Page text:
On the surface, the music scene is very, very commercial pop-oriented – and pop in a bad way, not pop in an interesting, ‘let’s see what we can do with the framework’ way. It’s not very experimental, but we do have all the experimental things as well, but it’s just not as commercially successful I guess. So that’s a very boring part about being here.

But it’s also very inspiring if you go beneath the surface. We do have so many fucking amazing artists here. There’s something here in the waters, I don’t know why people are so damn good. The melancholy melodies people write are cool and very inspiring.

When did you first become aware of the power of good music?

Stella Explorer: I was on a bus on my way to the northern part of Sweden sitting next to my dad. We were going on a ski trip which we'd never done before or since then – it was kind of weird. I had my Walkman, and he had A Night at the Opera by Queen with him. He played me “Killer Queen” and “Bohemian Rhapsody”. I was maybe 12, and when he played me those songs I felt like time kind of stood still. I remember the atmosphere in my ears and the bus all just went silent, and that was definitely the first time that I heard something like that, actively listening to it. 

What’s the most recent note from your Notes app?

Stella Explorer: It's a note about the album Just Before Music by this artist called Lonnie Holley. It’s insane. If you haven't heard it yet, you have to listen to it, by yourself in a quiet, dark place. Or in the forest, if you have access to the forest where you are. It's an amazing album.

He’s 73 years old from Alabama. He still lives there I think, and he makes a lot of artwork out of scrap metal and other people’s trash. He just sings about believing in humanity, even though it'’ such a hypermodern, frenzied world at the moment. I see it as a portal straight into his soul, and his soul is so soft. He's like an oracle, almost.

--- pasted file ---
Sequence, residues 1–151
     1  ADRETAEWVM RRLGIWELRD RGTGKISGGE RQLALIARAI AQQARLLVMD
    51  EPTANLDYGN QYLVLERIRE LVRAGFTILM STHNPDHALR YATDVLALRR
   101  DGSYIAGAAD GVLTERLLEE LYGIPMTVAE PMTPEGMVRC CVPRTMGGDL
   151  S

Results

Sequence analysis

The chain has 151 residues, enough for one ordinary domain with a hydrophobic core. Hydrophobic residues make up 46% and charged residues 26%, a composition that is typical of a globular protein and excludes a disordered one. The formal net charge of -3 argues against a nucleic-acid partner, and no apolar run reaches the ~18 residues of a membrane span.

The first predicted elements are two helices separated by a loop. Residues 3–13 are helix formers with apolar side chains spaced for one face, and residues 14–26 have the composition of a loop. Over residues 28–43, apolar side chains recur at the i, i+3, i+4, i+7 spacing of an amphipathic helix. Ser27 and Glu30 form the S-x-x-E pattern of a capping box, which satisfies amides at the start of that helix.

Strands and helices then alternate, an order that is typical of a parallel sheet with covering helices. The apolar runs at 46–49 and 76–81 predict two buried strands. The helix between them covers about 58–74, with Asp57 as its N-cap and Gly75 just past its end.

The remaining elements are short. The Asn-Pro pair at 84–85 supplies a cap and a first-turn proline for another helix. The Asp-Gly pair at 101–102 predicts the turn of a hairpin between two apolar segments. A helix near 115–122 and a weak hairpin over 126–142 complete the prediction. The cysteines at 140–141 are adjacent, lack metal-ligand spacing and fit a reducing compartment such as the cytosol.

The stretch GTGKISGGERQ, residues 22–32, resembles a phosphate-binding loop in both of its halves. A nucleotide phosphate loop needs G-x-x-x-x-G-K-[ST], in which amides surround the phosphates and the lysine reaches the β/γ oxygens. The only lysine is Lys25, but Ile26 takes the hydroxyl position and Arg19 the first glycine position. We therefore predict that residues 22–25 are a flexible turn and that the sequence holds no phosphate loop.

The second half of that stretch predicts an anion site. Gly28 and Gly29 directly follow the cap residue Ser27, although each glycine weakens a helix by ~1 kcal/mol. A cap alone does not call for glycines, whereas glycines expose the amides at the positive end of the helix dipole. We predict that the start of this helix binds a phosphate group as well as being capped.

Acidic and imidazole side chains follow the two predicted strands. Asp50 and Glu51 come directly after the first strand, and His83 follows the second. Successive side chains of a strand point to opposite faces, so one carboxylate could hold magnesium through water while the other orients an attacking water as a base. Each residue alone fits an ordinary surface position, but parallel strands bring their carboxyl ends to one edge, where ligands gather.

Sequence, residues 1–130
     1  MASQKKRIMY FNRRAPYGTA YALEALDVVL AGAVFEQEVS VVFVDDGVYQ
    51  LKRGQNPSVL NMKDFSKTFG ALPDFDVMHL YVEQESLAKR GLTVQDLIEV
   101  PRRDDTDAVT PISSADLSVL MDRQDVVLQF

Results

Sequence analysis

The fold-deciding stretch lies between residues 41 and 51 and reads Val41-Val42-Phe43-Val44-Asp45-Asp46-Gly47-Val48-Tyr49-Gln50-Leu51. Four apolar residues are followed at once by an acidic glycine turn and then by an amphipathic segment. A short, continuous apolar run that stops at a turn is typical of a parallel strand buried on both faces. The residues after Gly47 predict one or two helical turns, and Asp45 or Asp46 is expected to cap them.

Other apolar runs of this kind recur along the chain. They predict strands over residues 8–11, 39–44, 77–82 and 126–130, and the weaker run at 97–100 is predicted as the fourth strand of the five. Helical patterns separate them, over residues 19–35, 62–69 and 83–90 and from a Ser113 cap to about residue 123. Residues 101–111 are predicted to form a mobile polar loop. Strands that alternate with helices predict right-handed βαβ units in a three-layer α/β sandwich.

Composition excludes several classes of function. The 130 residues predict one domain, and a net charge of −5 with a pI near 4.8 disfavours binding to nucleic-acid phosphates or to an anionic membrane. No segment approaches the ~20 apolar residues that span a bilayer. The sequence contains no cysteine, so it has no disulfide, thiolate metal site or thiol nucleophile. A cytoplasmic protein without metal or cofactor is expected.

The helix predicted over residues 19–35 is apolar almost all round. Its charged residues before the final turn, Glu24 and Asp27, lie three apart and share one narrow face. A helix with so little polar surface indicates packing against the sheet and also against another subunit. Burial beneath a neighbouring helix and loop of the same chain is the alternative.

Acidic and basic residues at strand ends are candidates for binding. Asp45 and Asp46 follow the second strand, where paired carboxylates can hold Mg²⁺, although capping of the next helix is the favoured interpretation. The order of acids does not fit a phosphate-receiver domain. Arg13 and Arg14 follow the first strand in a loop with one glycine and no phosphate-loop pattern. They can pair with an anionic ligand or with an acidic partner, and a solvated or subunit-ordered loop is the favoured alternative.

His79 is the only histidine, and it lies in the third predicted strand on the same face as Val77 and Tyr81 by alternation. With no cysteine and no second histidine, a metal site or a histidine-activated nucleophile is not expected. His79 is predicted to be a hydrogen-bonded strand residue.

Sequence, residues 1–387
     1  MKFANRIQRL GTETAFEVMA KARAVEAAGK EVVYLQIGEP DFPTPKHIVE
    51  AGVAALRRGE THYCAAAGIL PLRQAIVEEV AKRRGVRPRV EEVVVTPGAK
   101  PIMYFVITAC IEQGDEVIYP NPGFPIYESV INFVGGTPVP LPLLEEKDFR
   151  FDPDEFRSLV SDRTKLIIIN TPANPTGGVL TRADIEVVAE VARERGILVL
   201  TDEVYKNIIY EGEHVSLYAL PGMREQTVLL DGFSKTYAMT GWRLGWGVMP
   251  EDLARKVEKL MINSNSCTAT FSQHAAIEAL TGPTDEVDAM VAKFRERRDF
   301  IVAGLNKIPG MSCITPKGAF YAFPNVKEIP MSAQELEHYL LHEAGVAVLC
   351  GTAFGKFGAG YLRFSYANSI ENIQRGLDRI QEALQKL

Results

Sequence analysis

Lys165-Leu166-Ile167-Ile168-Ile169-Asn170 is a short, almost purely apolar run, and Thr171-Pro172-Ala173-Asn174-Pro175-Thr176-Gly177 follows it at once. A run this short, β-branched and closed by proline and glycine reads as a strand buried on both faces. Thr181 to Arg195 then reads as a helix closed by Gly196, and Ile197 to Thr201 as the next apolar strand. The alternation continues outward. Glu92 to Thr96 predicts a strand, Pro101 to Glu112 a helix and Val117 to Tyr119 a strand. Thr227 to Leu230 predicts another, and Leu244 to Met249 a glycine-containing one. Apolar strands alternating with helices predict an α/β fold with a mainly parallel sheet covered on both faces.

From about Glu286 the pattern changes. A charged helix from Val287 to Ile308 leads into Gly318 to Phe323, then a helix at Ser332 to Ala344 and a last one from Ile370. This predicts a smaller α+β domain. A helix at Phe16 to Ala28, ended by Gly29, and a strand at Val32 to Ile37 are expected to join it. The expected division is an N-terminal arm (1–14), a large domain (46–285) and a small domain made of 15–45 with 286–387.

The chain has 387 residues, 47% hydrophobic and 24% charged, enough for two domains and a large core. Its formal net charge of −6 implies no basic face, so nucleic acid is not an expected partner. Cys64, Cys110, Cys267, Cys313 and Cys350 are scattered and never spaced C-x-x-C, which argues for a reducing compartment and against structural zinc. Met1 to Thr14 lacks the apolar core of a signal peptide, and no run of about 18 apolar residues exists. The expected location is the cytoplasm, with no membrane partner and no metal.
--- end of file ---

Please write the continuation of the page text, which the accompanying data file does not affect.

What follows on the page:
What would be your ghost outfit?

Stella Explorer: I think naked.

What’s the worst advice you’ve ever been given?

Stella Explorer: I just had a phone call with my dad and he gave me advice, but the old advice that he used to be given when he was a kid growing up in Sweden in the 70s, which is bad advice. It was kind of like every man for himself – it sounds better when you say it in Swedish. I think he was just saying it as he used to be told it, and that’s why he ended up the way that he is, and I can’t reach his innermost feelings.

What's your star sign and you're a typical one of that star sign?

Stella Explorer: I’m a Leo, but I don’t know that much about astrology.

What’s your weirdest internet obsession?

Stella Explorer: I tend to watch a lot of massage videos to wind me down. There are old ladies who are very knowledgeable about anatomy and the human body’s need for recovery. I’ve been watching them for maybe 15 years and I’m still obsessed. I can’t stop. It’s like anxiety medicine.

What conspiracy theory are you actually quite into?

Stella Explorer: I’m definitely keen to believe all the sea monster conspiracies like the Loch Ness Monster. There’s one in the north of Sweden called Storsjöodjuret. I want to believe that they exist, but I also kind of don’t. 

Who is your nemesis?

Stella Explorer: Oh no, I can’t say that. ​​Can I say that I don’t have one?

Would that be a lie?

Stella Explorer: Yes!

What would the line-up be in your nightmare blunt rotation?

Stella Explorer: Mark Zuckerberg would be one of them. 

What do you put on your rider?

Stella Explorer: I put Explorer Vodka and Stella Artois.

Like your name?

Stella Explorer: ​​Yeah – one of the reasons I named myself this. A mix of beer and vodka.

Club Atlantis is out now.